Question:  Would a regular Commercial Driver's License in my home country be o.k. to get a job on the ice roads?

Answer: Yes, any Commercial Driver's License will be acceptable.  As long as you have experience driving a truck, regardless of it is a delivery, dump truck or big rig, you will be eligible for an ice road trucking position.

Question:  Is actual ice road training needed in order to secure a job on the ice roads?


For the Experience Truck Driver - Again, as long as you have a commercial drivers license, regardless of which country you are from, you will be eligible to drive on the ice roads.  Although, the company you work for may want you to ride with an experience ice road trucker on your first couple of runs during your first week.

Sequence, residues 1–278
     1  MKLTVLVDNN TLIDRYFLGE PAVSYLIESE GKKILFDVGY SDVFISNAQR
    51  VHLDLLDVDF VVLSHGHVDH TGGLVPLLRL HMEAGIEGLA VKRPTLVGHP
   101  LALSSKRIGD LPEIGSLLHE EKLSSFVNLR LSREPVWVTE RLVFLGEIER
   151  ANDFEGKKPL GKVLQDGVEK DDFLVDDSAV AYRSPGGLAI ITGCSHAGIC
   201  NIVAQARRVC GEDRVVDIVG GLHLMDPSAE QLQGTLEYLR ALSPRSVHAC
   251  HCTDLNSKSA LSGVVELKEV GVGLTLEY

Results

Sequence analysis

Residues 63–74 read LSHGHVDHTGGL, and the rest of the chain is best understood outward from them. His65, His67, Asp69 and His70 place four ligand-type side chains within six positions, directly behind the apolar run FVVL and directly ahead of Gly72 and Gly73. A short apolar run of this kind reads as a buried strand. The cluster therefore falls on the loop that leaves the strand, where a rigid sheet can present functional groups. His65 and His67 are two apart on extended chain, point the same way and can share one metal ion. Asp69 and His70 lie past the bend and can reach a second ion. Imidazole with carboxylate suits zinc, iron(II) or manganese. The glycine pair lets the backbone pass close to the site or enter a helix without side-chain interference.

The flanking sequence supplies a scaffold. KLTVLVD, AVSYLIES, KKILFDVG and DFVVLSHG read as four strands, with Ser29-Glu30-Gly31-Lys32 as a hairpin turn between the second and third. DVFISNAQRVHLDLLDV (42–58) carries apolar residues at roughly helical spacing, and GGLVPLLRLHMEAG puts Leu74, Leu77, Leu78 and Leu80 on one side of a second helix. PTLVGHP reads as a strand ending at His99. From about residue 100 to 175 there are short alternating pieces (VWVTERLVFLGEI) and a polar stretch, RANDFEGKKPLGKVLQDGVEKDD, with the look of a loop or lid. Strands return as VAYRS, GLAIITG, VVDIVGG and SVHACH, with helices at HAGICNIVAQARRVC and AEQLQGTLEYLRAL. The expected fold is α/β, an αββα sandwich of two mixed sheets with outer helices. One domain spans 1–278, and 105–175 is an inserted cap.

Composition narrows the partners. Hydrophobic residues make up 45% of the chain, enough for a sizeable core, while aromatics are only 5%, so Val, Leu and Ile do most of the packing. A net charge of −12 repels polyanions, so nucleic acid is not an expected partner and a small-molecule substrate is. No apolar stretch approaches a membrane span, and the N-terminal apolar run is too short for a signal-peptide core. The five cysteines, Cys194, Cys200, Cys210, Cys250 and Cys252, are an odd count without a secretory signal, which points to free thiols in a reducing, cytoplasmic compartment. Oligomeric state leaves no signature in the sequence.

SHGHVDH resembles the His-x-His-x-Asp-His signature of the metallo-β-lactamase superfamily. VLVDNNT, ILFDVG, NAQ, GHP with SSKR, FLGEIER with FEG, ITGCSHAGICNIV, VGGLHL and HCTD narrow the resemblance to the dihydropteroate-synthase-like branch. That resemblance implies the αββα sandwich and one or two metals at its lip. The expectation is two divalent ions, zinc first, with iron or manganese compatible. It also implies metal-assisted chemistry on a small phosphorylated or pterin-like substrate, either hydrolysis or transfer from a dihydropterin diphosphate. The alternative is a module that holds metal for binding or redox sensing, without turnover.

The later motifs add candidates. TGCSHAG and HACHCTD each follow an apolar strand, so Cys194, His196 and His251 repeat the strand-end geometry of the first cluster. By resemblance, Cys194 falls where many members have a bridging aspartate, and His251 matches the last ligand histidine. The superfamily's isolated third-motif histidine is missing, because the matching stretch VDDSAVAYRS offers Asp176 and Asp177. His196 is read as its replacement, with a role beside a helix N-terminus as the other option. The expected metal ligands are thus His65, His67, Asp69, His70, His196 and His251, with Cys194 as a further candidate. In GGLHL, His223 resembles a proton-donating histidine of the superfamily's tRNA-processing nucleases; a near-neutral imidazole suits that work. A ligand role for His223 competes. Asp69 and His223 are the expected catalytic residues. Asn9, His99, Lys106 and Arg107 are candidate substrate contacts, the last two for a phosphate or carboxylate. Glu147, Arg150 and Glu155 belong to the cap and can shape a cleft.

For The Inexperienced Truck Driver - If you're looking to become an ice road trucker, all that is needed is for you to express your interest in becoming through a formal inquiry with the prospective employer.  They will then pay for your commercial truck driving training program in your home area.  When you complete it, inform them and they will assign you an ice road to run.  A partner is usually assigned for all recently licensed commercial truck drivers for the first 2-3 weeks on the ice roads.

Question:  Do I need my own insurance?

Answer:  No, you do not need your own insurance when driving the ice roads.  The transportation company will cover you, so regardless if you are involved in an accident, have caused damage to the vehicle, get a flat tire, break down, or cannot deliver the goods on time, insurance and road assistance service will cover you.

Question:  How long is the ice road trucking season?